'Leopoldstadt' review — Tom Stoppard paints a masterful, memorable family portrait
In the opening tableau of Tom Stoppard's Leopoldstadt, a Jewish family, nearly 30 strong, assembles in a lavish sitting room and looks forward as if posing for a family portrait. A camera flashes. Haunting piano music plays. This moment dares us to remember — to sear these people, their multitude, their grandeur into our minds — before it's too late to salvage them from history.
It is, indeed, a deeply personal dare from Stoppard himself, who never knew of his own Jewishness until his 50s, when a previously unknown relative made contact. With Leopoldstadt, the playwright declares his own heritage in first-rate, epic, and urgent fashion, seemingly atoning for lost time. Forgetting one's ancestors, he suggests, is its own tragedy: "It's like a second death," one character says, "to lose your name in a family album."
Leopoldstadt spans 1899 to 1955, so another tragedy looms large: the Holocaust. The extended Merz-Jacobowitz family are well-off Viennese citizens who largely believe themselves Austrian above all else — that is, assimilated, and therefore immune from any anti-Semitism worse than being denied admission into a jockey club. As they inch closer to the onset of World War II with each scene, their home gets shabbier, their numbers smaller, and their Jewishness inescapable.
Smartly, Stoppard did not write Leopoldstadt as a Holocaust play. Impending doom lurks in Adam Cork's chilling score, but otherwise, the show is a lively, rich family drama. We're invited into the Merz-Jacobowitzes' commonplace gatherings, debates, trysts, squabbles, and playtimes as though we, too, are kin. There's a healthy helping of intellectual talk — Stoppard's specialty — but it's not esoteric, and in the hands of a superb Brandon Uranowitz, who gets to philosophize the most as the mathematician Ludwig, it's endlessly captivating. Plus, subjects like math are just as often the butt of jokes, of which there are plenty. Stoppard also warms us up to the characters with his trademark witty humor; a misunderstanding between a circumciser and a cigar cutter even provides a full-blown laugh-out-loud moment.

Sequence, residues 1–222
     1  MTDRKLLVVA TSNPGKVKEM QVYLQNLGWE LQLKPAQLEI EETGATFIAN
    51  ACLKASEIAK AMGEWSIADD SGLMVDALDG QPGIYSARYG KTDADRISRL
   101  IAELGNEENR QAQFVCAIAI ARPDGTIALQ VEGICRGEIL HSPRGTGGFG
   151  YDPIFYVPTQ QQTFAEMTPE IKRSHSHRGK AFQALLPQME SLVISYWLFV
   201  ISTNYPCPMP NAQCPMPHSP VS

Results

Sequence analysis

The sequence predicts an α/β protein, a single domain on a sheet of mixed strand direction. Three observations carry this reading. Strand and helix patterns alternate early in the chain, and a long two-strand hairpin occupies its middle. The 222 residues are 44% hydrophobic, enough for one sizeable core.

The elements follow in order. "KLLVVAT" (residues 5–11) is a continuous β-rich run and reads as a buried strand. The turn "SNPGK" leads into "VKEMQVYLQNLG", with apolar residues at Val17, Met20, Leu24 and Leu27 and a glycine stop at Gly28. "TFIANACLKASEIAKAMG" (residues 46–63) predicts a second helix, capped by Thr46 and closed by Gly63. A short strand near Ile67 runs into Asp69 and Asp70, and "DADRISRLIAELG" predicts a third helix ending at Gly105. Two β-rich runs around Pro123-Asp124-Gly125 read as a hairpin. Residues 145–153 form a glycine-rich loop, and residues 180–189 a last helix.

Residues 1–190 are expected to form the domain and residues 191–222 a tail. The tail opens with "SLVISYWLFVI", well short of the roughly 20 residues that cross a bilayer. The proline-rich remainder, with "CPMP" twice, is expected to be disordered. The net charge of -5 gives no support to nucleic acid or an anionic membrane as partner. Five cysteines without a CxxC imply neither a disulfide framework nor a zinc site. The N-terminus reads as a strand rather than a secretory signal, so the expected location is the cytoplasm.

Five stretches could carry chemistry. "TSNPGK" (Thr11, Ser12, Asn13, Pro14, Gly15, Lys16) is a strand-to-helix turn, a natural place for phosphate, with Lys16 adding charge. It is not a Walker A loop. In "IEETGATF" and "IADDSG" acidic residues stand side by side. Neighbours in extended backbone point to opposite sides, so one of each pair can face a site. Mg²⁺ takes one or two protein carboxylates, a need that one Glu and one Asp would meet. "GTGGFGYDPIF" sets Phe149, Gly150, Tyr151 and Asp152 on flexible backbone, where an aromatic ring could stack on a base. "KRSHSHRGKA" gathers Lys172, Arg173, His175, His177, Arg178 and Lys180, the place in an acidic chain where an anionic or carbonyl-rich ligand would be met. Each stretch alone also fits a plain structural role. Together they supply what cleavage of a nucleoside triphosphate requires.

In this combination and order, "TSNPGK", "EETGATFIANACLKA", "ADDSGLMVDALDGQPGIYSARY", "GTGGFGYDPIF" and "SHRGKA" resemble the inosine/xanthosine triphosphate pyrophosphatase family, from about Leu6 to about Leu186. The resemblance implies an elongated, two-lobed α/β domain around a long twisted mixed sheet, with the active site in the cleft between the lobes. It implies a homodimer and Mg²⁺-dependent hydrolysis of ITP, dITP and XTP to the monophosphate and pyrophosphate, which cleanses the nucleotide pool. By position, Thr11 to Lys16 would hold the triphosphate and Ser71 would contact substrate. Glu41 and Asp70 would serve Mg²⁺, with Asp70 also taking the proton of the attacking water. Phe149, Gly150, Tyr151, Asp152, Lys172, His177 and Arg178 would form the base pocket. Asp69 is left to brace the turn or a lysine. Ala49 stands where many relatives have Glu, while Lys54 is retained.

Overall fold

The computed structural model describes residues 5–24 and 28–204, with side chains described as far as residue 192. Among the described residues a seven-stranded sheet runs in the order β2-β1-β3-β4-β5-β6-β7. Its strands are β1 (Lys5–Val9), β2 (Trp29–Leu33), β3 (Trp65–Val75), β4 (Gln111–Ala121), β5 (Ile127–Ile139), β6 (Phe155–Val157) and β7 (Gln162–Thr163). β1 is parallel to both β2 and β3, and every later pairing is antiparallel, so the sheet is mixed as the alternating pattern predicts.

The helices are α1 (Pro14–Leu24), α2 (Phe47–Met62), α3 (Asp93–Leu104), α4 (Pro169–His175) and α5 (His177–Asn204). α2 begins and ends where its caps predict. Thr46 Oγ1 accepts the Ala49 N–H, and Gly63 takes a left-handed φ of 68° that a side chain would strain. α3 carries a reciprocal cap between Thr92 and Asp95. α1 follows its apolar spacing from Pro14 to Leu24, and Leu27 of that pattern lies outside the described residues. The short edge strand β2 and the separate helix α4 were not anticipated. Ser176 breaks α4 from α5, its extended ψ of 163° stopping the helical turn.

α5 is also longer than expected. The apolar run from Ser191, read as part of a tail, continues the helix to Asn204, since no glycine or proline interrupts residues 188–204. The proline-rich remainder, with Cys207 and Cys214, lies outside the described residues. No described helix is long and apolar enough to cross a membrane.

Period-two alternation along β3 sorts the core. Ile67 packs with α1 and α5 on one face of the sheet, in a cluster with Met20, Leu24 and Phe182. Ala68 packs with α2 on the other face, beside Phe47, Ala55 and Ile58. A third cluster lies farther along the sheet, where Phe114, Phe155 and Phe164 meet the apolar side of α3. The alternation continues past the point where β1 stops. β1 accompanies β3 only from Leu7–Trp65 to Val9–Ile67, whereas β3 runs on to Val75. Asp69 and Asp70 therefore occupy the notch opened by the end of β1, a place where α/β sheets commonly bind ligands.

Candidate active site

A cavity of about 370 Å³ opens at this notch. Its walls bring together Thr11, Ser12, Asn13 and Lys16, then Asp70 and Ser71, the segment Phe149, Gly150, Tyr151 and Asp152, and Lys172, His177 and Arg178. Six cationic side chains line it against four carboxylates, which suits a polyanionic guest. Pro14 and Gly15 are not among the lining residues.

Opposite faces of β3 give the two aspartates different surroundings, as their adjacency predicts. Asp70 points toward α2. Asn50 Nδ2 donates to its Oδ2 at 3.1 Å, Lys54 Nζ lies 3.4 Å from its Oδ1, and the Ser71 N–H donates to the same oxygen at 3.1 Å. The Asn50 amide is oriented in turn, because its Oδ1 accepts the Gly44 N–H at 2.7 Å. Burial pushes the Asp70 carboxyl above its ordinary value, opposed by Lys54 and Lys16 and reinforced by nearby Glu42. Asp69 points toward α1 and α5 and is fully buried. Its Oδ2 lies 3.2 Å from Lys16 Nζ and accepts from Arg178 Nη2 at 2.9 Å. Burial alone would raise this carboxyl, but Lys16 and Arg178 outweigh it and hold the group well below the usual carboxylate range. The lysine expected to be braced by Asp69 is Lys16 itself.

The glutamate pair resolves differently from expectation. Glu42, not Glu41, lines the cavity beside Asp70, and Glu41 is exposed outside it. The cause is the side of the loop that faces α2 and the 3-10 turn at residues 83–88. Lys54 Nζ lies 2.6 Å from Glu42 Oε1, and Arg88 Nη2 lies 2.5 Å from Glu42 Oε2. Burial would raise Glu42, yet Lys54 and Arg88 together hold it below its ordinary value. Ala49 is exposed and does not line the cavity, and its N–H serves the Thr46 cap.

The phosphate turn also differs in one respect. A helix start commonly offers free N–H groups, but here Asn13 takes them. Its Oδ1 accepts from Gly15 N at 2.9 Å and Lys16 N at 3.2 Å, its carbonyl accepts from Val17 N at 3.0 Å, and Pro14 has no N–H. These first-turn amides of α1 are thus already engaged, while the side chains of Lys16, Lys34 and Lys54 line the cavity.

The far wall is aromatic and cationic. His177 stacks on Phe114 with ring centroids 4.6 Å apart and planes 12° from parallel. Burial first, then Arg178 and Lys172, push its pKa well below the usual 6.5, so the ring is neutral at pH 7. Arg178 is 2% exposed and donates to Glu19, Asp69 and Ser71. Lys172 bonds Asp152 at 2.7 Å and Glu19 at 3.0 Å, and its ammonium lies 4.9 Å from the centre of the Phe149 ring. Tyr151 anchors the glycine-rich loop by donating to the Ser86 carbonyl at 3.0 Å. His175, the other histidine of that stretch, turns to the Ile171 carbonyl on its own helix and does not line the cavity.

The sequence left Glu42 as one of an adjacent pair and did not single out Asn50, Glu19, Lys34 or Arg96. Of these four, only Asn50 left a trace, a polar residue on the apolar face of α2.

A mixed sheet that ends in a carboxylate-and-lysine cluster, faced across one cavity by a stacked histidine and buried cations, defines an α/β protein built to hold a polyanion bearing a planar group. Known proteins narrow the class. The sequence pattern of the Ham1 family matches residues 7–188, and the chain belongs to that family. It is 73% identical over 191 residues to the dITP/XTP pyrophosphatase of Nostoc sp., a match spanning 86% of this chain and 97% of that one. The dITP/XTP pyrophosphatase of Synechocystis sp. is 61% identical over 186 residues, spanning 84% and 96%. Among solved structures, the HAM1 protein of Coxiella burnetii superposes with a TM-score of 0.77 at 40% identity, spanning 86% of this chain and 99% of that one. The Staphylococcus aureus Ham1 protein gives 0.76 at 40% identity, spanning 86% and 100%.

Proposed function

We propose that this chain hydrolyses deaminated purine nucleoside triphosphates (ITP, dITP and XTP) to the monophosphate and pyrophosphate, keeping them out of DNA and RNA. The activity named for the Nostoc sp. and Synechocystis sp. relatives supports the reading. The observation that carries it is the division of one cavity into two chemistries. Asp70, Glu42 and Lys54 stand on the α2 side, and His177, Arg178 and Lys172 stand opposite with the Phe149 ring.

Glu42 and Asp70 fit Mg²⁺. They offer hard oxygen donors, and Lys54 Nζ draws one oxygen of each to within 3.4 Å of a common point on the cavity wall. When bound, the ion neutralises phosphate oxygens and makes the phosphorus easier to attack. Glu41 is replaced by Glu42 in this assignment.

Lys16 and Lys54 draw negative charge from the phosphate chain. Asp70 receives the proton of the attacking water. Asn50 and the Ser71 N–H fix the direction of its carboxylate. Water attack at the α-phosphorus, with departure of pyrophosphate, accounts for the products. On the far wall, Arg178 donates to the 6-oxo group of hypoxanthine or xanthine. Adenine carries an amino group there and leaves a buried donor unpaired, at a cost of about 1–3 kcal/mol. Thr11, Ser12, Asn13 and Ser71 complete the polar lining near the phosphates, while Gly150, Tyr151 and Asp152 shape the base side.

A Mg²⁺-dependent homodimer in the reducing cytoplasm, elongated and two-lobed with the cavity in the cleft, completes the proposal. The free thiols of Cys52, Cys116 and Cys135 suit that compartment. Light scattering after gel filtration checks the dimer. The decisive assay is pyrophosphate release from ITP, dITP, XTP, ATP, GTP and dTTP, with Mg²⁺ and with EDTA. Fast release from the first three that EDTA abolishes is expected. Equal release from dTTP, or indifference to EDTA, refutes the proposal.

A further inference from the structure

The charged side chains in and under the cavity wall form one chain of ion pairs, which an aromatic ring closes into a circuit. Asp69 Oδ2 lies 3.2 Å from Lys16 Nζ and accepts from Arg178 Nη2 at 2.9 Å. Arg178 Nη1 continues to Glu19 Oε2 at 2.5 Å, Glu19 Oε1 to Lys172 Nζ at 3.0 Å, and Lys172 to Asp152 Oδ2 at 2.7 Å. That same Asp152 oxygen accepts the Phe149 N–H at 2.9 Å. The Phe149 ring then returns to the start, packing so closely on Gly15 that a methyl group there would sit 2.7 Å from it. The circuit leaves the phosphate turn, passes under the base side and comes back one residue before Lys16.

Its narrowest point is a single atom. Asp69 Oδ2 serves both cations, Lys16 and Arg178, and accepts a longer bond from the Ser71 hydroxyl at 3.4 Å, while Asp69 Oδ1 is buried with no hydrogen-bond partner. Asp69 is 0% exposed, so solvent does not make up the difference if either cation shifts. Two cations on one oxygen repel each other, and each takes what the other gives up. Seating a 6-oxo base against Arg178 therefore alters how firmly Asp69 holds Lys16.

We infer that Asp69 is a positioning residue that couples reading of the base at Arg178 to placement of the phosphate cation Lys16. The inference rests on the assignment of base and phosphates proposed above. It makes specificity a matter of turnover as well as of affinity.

Elevating Stoppard's smart writing is Patrick Marber's equally smart direction. He paces Leopoldstadt perfectly, such that its intermissionless two-plus hours fly, and ensures that none of the 30-plus characters get lost, despite only a few having a consistently large presence. Together, they allow us to know the Merz-Jacobowitzes as full people and not just as victims, so by the play's climax — a harrowing repossession of the family home by Nazis, the beginning of the end — we're shaken and shocked, even though history has already dictated what will happen.
In other words, true to its goal, Leopoldstadt presents stories one won't easily forget, and won't want to. But lest we might, the play's final scene urges us even more explicitly to remember, finishing the work that opening portrait started. Uranowitz appears again, this time as Nathan, one of the family's few survivors who is now grown. He's visiting his now-derelict family home once more, this time with Rosa, his aunt who had escaped to New York, and Leo, a cousin from England with almost no recollection of that fateful repossession, and no connection to his Jewish heritage. (Yes, the character is a stand-in for Stoppard.)
As Nathan chastises Leo for forgetting, he also succeeds in sparking one memory. And suddenly, the family comes flooding back on stage as a bygone era comes to life once more. Again, they look out at the audience, but now they have names. Journeys. Causes of death. Stories of life. Like Stoppard and the masterwork that is Leopoldstadt itself, they will be immortalized in history.
Photo credit: Brandon Uranowitz, Caissie Levy, Faye Castelow, and David Krumholtz in Leopoldstadt. (Photo by Joan Marcus)
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